Life in Missoula - #3

While we were living on Cherry Street an elderly man on a bicycle stopped at our house. He introduced himself as Rev. Bennett of the Methodist Episcopal Church. He had seen me playing in the street and knew we were new residents so wanted to enroll me in his Church School. My parents took me the following Sunday and from then on I attended that church, later becoming a member and singing in the choir.

As in all churches at that time, there was a program and Christmas tree at Christmas. We even had Santa Claus there to deliver gifts. He was a very real person to me and not until I found some of his costume did I realize that it had been Dad all along.

When I was in high school I taught a class of girls and loved it and them. Once a month we had a party and in the spring and summer often went on hikes on the weekends. In 1928, shortly before I was married, I visited Missoula on my vacation and the girls who were still there entertained me.

I also sang in the choir. One Sunday while walking to church a grasshopper got inside my white organdy dress but I didn't know it until I felt it crawling on my back after church had started. Nothing could make me get up in front of the congregation and leave so I leaned back against the seat as hard as I could and squashed it. That was one day I thought church would never end.

As in all churches, we had chicken dinners, not fried, but chicken and noodles. Even now I dislike the odor of chicken stewing. My best friend and I thought we were very daring by eating dill pickles with our ice cream at these dinners.

One Sunday night the church was packed waiting for the minister to demonstrate his radio. We were going to hear a sermon broadcast from another state. However, all we heard was static -squeaks and squawks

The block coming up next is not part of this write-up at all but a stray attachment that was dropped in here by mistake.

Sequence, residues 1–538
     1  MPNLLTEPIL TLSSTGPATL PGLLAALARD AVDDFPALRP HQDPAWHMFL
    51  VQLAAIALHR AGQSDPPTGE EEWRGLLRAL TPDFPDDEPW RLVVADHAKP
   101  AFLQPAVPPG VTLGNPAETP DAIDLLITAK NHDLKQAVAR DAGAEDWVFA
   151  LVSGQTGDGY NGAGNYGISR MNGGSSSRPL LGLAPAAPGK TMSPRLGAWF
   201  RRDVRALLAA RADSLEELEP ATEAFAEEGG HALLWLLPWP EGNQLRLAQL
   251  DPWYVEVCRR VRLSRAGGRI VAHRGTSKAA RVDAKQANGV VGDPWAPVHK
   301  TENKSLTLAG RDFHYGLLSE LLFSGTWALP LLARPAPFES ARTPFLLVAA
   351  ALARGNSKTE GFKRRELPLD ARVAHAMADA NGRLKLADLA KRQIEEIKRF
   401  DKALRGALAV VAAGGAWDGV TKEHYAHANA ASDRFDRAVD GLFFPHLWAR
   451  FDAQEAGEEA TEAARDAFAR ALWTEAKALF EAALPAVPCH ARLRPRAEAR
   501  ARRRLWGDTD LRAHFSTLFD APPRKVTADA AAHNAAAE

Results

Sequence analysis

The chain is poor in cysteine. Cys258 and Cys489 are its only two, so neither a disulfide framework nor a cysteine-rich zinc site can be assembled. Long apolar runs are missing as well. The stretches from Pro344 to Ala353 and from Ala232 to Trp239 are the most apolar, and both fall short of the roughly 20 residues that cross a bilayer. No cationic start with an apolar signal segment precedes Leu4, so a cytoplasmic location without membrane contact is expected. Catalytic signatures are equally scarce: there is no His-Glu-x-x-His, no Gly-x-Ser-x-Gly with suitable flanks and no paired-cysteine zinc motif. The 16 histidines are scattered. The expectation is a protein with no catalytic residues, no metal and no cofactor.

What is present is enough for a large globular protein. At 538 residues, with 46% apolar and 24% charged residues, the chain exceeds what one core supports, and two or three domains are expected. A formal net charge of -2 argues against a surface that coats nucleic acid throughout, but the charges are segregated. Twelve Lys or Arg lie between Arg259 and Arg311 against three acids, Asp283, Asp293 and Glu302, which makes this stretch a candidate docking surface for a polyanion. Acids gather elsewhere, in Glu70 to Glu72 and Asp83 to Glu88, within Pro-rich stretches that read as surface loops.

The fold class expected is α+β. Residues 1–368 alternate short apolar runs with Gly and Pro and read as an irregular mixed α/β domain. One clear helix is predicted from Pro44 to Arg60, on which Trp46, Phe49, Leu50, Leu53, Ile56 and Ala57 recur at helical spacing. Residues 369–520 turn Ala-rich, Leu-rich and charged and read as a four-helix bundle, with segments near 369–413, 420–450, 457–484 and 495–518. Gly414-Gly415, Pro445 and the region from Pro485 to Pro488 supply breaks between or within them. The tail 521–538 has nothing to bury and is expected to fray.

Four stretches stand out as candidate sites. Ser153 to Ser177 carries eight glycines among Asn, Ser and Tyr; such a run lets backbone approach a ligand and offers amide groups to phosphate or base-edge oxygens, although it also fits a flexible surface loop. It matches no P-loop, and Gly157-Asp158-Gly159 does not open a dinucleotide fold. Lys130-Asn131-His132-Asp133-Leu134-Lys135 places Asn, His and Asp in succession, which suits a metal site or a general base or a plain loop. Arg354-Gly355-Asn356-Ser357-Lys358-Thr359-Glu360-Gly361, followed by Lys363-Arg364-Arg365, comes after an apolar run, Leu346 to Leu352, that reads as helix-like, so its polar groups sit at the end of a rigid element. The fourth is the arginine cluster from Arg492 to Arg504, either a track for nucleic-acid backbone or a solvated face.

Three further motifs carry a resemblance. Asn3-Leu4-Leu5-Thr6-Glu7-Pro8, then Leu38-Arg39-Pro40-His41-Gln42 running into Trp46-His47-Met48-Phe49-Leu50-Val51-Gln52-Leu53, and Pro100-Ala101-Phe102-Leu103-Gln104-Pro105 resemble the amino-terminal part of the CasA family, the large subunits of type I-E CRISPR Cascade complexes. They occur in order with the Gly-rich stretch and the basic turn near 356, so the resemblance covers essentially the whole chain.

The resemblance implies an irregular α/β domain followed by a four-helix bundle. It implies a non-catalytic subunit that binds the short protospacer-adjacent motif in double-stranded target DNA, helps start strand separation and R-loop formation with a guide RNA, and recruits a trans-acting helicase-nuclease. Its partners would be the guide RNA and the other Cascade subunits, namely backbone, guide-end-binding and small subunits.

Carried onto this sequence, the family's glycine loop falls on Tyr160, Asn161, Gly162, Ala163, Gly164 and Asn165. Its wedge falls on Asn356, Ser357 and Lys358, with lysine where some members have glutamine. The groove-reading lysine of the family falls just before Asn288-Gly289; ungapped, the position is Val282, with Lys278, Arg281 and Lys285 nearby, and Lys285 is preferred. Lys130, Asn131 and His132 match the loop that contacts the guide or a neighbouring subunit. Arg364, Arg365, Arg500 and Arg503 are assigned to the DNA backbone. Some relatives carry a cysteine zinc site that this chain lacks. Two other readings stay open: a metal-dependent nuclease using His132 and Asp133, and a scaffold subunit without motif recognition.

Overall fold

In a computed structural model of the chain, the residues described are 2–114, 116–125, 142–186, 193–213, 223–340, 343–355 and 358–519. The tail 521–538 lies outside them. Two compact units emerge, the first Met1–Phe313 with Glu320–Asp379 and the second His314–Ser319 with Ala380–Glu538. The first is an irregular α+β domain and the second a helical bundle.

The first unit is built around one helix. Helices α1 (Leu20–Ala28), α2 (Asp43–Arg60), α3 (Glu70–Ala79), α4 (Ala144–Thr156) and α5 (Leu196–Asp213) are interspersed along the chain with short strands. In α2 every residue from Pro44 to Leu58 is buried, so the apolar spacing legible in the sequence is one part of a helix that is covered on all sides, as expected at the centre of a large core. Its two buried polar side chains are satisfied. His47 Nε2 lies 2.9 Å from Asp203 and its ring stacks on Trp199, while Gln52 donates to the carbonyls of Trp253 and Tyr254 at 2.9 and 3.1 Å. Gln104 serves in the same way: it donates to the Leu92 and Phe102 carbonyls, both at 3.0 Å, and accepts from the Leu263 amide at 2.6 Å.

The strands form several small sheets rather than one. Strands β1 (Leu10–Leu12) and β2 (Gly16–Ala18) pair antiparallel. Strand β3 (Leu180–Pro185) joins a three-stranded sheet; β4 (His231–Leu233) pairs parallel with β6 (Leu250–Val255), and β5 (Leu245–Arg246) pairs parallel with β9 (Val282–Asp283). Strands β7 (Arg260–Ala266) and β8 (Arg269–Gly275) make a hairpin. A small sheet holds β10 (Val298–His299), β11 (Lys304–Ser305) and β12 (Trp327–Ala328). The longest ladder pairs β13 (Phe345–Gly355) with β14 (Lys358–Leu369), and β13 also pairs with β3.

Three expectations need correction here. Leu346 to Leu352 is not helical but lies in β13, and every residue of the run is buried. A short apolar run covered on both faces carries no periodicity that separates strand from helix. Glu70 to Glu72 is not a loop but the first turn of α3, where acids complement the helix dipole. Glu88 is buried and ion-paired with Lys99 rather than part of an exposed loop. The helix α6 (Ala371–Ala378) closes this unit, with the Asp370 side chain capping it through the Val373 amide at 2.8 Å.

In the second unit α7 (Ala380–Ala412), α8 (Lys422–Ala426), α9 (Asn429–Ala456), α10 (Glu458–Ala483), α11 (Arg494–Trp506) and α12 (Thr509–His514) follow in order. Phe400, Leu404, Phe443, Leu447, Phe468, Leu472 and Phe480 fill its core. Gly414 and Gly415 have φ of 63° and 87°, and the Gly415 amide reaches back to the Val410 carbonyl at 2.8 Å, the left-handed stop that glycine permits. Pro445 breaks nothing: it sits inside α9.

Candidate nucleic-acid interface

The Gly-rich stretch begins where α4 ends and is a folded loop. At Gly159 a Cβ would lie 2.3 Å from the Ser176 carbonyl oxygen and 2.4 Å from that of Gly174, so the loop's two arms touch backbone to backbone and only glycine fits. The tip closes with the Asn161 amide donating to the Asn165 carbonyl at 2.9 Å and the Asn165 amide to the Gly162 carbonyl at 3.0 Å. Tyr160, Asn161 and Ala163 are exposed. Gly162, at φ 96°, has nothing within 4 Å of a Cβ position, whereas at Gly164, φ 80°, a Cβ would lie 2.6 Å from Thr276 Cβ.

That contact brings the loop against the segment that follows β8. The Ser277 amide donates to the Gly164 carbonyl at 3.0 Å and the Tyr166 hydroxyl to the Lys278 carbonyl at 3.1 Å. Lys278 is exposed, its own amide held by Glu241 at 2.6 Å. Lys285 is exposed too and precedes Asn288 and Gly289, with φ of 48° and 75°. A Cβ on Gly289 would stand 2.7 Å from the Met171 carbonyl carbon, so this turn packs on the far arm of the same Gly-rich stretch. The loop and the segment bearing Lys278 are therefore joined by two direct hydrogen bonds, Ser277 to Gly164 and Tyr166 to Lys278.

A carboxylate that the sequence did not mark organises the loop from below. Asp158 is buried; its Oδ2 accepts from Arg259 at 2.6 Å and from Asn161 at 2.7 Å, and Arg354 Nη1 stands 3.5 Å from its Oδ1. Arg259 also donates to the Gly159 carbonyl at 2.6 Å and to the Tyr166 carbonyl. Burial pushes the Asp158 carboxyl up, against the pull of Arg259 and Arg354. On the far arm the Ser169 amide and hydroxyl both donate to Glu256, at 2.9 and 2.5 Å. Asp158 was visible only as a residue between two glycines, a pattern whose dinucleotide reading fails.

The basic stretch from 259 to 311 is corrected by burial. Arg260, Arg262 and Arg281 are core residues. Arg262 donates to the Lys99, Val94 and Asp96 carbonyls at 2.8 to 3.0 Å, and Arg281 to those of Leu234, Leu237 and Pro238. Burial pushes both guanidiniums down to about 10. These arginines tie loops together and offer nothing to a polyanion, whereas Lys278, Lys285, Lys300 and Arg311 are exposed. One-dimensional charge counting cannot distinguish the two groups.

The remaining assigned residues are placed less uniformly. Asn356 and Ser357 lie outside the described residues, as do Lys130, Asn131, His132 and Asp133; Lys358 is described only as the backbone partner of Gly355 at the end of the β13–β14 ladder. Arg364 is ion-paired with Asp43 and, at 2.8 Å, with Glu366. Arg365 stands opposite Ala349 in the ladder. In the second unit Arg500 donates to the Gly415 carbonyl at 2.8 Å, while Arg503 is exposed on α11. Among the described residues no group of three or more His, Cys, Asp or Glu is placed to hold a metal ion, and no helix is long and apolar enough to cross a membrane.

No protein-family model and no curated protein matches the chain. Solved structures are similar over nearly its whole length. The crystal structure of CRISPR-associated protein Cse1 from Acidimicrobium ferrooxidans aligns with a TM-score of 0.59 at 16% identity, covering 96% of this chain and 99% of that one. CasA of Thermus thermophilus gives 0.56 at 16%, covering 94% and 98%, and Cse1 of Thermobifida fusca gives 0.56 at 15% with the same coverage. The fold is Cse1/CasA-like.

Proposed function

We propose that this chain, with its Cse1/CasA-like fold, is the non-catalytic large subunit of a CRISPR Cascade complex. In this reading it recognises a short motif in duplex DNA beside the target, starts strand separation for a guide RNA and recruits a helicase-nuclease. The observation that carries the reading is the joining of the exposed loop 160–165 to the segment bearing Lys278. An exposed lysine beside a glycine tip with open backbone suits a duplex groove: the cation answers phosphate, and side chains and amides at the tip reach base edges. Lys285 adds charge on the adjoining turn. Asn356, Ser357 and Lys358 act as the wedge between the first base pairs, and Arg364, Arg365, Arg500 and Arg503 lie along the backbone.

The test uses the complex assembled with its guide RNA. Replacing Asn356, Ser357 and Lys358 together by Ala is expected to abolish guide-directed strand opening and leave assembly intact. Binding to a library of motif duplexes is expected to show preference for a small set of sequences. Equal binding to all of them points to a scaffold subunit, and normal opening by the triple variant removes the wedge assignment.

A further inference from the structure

Rev. Lacklin was very well liked. Back then I thought ministers and teachers were very superior human beings. How shocked I was when Rev. Lacklin said, "Damn" when a tire blew out on the way from Glacier Park! I can remember that, but not any of his sermons.

The Sunday School Superintendent, Tom Layfield, was our meatman and his wife, Eileen, the teacher of the H.S. girls, a class of twenty-five or thirty. 'Whenever I went to the market to buy meat he would always hand me a wiener. Years later I visited this couple when they moved to Yakima and she and I walked to his meat market there. As he did when I was a little girl he handed me a wiener.

In 1923 or 1924 we had movies at the church on Sunday night. Herbert Inch, a boy whom I had known all my life, and I took turns playing for the films. One of the films was "The Courtship of Miles Standish", and after I married Wilbur I found out that the star was married to his aunt. After I left Missoula I next heard of Herbert Inch when he composed a piece for the Montana Centennial. A friend wrote me that he was living in La Jolla and gave me his address when she knew I would be visiting Wilbur's relatives there. I had no intention of visiting him but one day we were parked at the beach and as I looked at the street sign it rang a bell. I found that Herbert lived just across the street from where we parked. So I called on him. Imagine my embarrassment when he had no recollection of me at all!

When I was old enough, probably in high school, I joined the youth group called the Epworth League. At one time I was vice-president in charge of hospital visiting and taking magazines to the jail. One young man I visited, Ernest Johnson, had his leg crushed when he fell off the train he was riding and had to have it amputated. He was from Black Diamond, Washington, a place I had never heard of nor ever expected to see. This summer (1988) I thought of him when I was having dinner in Black Diamond and wondered what became of him.

Looking back I think I must have made a pest of myself collecting magazines and urging my friends to make calls so I could report them to the state organization. Our group was first in the number of calls for the state.

1988/89 Life Story Class
Life in MissoulaCont.txt Page 2 of 2 01/18/01 11:44 PM